The vice president for instructional affairs did research on persistence rates following cohorts of new freshmen in 1996, 1997, and 1998. This data showed that students required a mean of 5.5 terms to graduate with a two year degree. Graduation peaks at five terms after entry.
The office of instructional affairs reported the following persistence data based on the cohorts cited above:
The office of instructional affairs has noted that the first year retention rate, that is the percentage of first time, full-time students that start in the fall and enroll the following fall, indicates how well an institution retains students from the fall of their first year to the the fall of their second year. Traditionally this has been called freshman-to-sophomore retention, however those terms refer to specific numbers of credit hours earned and this may be misleading. First year student retention is probably more accurate.
Based on data where cohorts of freshmen were tracked from 1996 to 1999, 299 students graduated of the 1069 students in the cohorts as of spring 2002. This represents a graduation rate of twenty-eight percent after eight terms.
The following table shows the average graduation rate after eight terms for the three cohorts above in select programs.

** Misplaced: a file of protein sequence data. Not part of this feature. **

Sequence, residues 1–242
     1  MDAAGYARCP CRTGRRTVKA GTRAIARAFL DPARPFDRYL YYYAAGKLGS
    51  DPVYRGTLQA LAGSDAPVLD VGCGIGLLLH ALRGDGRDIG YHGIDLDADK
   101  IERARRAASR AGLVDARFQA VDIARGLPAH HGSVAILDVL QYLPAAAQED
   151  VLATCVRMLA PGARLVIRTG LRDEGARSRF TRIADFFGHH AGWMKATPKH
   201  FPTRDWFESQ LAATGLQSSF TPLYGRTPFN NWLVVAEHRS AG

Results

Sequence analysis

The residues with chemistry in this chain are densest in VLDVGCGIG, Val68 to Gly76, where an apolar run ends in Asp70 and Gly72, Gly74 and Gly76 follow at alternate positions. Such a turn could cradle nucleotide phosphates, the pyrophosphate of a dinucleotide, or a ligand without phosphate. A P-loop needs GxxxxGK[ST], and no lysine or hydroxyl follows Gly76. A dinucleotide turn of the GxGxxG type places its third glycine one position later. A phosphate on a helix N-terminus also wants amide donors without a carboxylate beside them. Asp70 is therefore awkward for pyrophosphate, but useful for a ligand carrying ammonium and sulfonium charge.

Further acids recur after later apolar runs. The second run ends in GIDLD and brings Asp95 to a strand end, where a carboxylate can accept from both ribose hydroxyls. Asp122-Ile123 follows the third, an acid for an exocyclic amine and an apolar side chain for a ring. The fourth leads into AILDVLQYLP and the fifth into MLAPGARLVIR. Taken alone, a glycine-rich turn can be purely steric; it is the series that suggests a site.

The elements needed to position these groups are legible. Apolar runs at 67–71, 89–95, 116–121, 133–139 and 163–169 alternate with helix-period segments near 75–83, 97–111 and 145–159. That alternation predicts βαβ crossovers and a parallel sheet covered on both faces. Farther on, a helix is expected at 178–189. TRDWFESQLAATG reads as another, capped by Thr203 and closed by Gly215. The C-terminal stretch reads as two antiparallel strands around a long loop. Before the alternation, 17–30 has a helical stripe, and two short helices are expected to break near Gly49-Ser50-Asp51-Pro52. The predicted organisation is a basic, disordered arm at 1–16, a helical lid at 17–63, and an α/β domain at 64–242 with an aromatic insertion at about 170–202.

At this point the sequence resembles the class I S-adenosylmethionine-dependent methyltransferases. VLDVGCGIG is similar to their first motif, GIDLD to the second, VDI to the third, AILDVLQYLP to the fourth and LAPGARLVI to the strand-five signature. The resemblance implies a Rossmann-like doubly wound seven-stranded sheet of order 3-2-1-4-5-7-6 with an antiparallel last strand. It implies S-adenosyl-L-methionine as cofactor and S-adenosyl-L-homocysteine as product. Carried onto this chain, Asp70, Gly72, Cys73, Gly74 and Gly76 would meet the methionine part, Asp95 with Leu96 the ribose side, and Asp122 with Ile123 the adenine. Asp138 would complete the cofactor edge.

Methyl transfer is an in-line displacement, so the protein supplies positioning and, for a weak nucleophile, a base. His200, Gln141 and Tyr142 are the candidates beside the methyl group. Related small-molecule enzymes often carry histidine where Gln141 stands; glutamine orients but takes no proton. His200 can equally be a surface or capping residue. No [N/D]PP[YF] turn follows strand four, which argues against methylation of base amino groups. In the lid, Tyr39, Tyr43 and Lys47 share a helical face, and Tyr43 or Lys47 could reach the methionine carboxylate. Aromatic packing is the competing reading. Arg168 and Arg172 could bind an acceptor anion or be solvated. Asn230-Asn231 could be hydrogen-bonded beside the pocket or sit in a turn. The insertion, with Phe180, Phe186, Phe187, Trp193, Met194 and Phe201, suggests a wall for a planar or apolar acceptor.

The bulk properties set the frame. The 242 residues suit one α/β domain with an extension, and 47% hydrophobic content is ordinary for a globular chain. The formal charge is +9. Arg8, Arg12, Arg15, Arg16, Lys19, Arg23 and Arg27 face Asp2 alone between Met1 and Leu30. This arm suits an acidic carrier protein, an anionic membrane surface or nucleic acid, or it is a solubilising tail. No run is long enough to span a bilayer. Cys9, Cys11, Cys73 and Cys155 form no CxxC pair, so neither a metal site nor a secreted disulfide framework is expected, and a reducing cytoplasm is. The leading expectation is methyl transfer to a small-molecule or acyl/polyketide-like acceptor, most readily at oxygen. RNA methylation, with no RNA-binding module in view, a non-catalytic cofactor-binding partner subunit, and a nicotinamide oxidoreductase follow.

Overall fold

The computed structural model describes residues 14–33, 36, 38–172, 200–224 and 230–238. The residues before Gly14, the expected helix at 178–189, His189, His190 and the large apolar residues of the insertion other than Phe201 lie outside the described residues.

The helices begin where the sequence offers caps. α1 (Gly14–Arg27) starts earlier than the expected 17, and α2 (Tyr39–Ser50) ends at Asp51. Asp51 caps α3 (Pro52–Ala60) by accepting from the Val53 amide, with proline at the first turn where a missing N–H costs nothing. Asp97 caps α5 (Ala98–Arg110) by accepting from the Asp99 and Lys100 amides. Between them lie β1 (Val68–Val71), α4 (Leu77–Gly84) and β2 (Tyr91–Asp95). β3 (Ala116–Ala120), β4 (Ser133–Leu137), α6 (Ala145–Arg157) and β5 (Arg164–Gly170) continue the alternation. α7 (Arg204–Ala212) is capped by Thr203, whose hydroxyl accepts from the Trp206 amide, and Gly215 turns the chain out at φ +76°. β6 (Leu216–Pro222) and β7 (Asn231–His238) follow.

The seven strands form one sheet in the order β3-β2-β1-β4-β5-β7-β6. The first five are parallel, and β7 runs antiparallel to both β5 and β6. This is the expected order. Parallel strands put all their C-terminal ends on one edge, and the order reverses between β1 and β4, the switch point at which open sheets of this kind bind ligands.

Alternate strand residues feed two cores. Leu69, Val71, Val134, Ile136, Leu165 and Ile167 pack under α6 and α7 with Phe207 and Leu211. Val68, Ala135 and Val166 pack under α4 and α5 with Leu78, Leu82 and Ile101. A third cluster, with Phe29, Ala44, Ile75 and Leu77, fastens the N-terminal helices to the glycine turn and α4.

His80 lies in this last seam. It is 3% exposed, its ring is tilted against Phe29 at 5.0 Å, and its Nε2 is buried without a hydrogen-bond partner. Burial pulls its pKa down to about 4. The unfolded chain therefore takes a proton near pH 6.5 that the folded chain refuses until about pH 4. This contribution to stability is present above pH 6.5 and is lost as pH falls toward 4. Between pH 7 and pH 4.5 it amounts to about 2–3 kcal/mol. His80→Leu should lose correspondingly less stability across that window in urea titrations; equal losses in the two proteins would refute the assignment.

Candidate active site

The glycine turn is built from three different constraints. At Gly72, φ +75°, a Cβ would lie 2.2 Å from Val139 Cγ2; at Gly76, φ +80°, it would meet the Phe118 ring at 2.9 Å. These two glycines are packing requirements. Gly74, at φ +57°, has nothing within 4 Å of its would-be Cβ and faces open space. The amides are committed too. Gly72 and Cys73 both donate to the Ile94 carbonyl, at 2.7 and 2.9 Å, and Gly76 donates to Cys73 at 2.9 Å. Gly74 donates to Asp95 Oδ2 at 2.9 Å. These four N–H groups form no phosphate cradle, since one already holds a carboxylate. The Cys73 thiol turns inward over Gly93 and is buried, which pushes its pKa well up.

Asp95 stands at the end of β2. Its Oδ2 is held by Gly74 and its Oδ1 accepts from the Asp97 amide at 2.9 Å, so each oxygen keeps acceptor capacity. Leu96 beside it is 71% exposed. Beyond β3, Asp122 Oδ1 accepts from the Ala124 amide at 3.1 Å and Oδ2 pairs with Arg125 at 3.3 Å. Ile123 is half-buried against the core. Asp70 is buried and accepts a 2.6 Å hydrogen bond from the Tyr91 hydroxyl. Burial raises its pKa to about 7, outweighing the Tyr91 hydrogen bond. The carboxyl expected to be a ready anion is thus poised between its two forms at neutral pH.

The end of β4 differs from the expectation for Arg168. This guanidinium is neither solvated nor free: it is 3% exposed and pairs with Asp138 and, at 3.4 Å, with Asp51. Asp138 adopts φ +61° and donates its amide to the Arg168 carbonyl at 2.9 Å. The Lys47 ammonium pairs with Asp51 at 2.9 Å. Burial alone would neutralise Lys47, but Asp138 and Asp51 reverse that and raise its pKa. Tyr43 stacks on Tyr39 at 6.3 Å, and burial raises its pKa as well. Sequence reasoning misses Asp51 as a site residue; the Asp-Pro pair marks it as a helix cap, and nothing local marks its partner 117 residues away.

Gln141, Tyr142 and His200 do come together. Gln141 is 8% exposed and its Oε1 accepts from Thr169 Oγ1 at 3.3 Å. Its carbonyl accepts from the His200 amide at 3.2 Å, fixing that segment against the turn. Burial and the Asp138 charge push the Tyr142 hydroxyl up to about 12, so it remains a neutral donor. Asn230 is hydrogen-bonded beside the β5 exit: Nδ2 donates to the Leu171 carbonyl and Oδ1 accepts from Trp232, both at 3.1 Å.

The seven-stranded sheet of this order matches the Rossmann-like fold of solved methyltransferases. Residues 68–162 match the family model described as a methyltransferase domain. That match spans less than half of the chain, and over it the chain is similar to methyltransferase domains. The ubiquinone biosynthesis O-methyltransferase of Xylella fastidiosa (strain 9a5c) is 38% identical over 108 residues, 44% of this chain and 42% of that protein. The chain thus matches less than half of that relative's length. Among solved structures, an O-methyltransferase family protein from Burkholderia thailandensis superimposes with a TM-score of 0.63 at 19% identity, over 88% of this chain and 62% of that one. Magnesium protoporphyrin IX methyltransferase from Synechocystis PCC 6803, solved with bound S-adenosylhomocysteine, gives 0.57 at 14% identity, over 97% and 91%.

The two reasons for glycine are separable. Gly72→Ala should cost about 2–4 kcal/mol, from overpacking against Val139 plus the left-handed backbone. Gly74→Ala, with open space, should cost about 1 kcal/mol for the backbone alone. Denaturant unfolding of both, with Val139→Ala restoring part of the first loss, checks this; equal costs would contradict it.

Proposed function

|Program||Percent of Intake that Graduated|
The high graduation rate seen in one of the college's most academically challenging programs is due to a number of factors. Students are pre-selected by a coordinator, although the program is open to any student who wishes to join the program. The coordinator asks that students in this major attend a three-day a week study, advising, and career counseling session during their two years with the college. The success of this model has depended on the efforts and sacrifice of the coordinator and the willingness of the students to participate in the program. The success of this program has been noted, but replication of those features that are thought to make it successful has never been accomplished by any other program to date.
Students presently enter the college's two-year degree program through two different entry points. Those students whose skills in English are the weakest have been entering through a state campus based intensive English program (IEP). Although the intensive English program included the word "program," the students were actually admitted to degree granting programs by major. Course completion rates for the IEP courses were 81.2% for fall 2002, spring 2003, and summer 2003.